Lee claims that she had no idea that she had signed over the copyright. And although the copyright was reassigned to Lee last year after other legal action, the 87-year-old author filed an additional lawsuit on Friday, hoping to reclaim full ownership of the copyright to the 1960 novel, therefore taking any remaining commissions away from her agent. With this latest lawsuit, Lee aims to stop Pinkus from receiving any more royalties from the hit novel, which has sold more than 30 million copies to date.

Read more:
John Grisham sequel to ‘A Time to Kill’ to be published
‘How I Lost You’: Janet Gurtler talks new YA novel
‘Waiting to Be Heard’ by Amanda Knox: Read EW’s review of the $4 million memoir

Harper Lee sues over ‘To Kill a Mockingbird’ copyright infringement – Entertainment Weekly (blog)
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GI Joe co-writers Sue Paramount, MGM for Copyright Infringement

“GI Joe: The Rise of the Cobra” script co-writers David Elliot and Paul Lovett have sued Paramount, Hasbro, MGM and producer Lorenzo Di Bonaventura, seeking $23 million for copyright infringement. In the suit, filed in California federal court May 3, the writers allege that the studios and producers stole many of their ideas for the sequel to “Cobra,” “G.I. Joe: Retaliation.”

That film, which opened March 28, has grossed $355 million at the worldwide box office. The defendants have engaged Elliot and Lovett to contribute to the sequel, assuring they would get the job if their work was satisfactory. The studios and producers did not hire Elliott or Lovett, but in a 113-page suit, the writers detail all of the ways in which they feel their work was used without any credit.

“Even the most cursory review of the Joe Retaliation Movie and the Plaintiffs’ Work reveals that they are substantially similar in every material way,” the suit claims.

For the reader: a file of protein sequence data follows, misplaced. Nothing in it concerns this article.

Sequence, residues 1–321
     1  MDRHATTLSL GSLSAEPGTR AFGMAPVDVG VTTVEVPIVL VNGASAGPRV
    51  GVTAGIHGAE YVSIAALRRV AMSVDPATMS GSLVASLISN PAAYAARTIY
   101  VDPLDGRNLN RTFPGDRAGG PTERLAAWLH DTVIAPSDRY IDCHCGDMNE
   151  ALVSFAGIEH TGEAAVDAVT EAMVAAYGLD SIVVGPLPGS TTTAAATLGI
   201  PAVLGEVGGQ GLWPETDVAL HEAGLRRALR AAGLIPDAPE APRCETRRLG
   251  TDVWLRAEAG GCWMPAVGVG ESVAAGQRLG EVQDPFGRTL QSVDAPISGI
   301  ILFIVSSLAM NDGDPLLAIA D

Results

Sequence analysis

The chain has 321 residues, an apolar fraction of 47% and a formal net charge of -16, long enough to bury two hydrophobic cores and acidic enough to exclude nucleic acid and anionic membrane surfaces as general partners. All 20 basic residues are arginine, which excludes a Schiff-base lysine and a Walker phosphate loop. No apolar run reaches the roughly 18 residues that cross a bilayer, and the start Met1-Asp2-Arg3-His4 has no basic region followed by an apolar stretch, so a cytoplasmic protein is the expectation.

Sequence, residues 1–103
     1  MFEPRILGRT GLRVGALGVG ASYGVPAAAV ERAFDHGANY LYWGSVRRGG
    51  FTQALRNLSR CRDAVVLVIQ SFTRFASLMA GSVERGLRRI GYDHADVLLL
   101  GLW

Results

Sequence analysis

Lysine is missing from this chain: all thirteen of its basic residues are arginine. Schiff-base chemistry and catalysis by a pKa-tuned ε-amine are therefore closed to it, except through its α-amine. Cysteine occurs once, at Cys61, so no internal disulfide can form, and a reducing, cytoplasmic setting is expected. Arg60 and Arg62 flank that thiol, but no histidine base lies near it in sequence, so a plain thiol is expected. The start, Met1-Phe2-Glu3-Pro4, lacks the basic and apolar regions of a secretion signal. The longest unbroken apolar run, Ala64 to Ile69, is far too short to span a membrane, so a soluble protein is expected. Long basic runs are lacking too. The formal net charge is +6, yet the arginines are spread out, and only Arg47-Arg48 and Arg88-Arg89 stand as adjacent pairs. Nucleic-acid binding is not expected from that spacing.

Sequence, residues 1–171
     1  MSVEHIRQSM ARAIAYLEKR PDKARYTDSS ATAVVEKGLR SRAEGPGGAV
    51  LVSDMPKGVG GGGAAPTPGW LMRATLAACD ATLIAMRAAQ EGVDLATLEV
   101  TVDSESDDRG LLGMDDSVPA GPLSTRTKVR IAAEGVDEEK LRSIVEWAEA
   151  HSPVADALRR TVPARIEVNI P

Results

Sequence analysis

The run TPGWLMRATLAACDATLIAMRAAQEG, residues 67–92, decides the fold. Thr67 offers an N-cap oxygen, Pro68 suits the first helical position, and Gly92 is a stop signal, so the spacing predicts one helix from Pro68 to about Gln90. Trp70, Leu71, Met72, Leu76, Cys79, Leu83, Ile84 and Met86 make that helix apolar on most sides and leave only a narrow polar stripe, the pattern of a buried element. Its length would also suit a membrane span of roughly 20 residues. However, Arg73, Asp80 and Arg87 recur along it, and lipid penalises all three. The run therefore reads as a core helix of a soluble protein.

Elliot and Lovett would have been guaranteed to write the sequel had they been the sole credited writers on the first movie. Stuart Beattie was also credited for his work on that screenplay, and the writers’ lawyers note in the suit that the finished “Cobra” film was markedly different from the writers’ script.

Yet the defendants still engaged Elliot and Lovett, who included much of the work they did for the studios as evidence of theft. Paramount declined to comment.

Pamela Chelin contributed to this report

GI Joe Scribes Slap Paramount, MGM With Copyright Infringement Lawsuit – TheWrap
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Dr. Oz show launches copyright infringement campaign

Dr. Oz show launches copyright infringement campaign

US syndicated daytime series The Dr. Oz Show is launching an aggressive campaign to fight copyright infringement and illegal use of the Dr. Oz name, image and show.

The show alleges that rogue vitamin and supplement company marketing campaigns have been illegally using the Dr. Oz name. More than 11,000 complaints have been logged through the OzWatch portal on, which is devoted to detecting and enforcing infringement.

So, beginning 6 May, host Dr Mehmet Oz will end each show with a disclaimer that reads:

“If you receive an e-mail or any kind of direct marketing claiming to be from me selling a product with my name, my image or the show’s name, you need to know IT’S NOT ME! I consider anyone that uses my name or my picture to try to sell you a product or supplement reckless and dangerous. They are undermining my credibility with you and the trust you place in me. More importantly, it could be dangerous to your health. Please go to to report if you receive any messages that use me to sell you anything. To see a list of our trusted partners, please go to Dr.”

Over the past several years, banner ads featuring Dr. Oz endorsements have saturated the Internet, embedded in sites like Facebook, Google, Amazon and YouTube, targeting consumers with misleading advertising for products that may have been seen on the show, Oz said, adding that e-mail spamming, targeted ads and robo-calling have all been reported by viewers.

“Today I am taking back my name and protecting my viewers from people I consider dangerous, who try to mislead you into buying products I don’t endorse,”

said Oz. “Anything you see on this show is part of a conversation I am having with you about your health. We are always transparent about our trusted, official partnerships and a full list of these partners is available on our website.”


The Dr. Oz Show has produced close to 700 shows in four seasons that mention various supplements. “The largest organised fraudulent efforts include green coffee bean extract, raspberry ketones and garcinia cambogia,” the show said.